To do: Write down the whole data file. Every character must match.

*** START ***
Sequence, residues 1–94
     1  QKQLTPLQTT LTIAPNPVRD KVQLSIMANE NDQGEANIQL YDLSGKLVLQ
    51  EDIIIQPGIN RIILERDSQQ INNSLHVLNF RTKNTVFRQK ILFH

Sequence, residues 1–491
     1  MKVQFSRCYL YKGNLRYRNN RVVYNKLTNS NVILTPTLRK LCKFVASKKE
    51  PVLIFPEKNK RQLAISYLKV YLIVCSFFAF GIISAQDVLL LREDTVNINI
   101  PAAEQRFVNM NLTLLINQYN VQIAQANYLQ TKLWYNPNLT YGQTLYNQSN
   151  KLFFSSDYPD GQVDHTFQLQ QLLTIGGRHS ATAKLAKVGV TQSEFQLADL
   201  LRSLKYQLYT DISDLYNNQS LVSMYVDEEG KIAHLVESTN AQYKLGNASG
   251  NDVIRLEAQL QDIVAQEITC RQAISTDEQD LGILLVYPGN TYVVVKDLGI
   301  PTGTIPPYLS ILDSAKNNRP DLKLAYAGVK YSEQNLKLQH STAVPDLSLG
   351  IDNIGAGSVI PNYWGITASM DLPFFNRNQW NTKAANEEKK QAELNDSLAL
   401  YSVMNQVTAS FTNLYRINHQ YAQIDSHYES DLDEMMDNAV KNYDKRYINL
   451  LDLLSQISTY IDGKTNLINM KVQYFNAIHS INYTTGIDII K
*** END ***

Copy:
Sequence, residues 1–94
     1  QKQLTPLQTT LTIAPNPVRD KVQLSIMANE NDQGEANIQL YDLSGKLVLQ
    51  EDIIIQPGIN RIILERDSQQ INNSLHVLNF RTKNTVFRQK ILFH

Sequence, residues 1–491
     1  MKVQFSRCYL YKGNLRYRNN RVVYNKLTNS NVILTPTLRK LCKFVASKKE
    51  PVLIFPEKNK RQLAISYLKV YLIVCSFFAF GIISAQDVLL LREDTVNINI
   101  PAAEQRFVNM NLTLLINQYN VQIAQANYLQ TKLWYNPNLT YGQTLYNQSN
   151  KLFFSSDYPD GQVDHTFQLQ QLLTIGGRHS ATAKLAKVGV TQSEFQLADL
   201  LRSLKYQLYT DISDLYNNQS LVSMYVDEEG KIAHLVESTN AQYKLGNASG
   251  NDVIRLEAQL QDIVAQEITC RQAISTDEQD LGILLVYPGN TYVVVKDLGI
   301  PTGTIPPYLS ILDSAKNNRP DLKLAYAGVK YSEQNLKLQH STAVPDLSLG
   351  IDNIGAGSVI PNYWGITASM DLPFFNRNQW NTKAANEEKK QAELNDSLAL
   401  YSVMNQVTAS FTNLYRINHQ YAQIDSHYES DLDEMMDNAV KNYDKRYINL
   451  LDLLSQISTY IDGKTNLINM KVQYFNAIHS INYTTGIDII K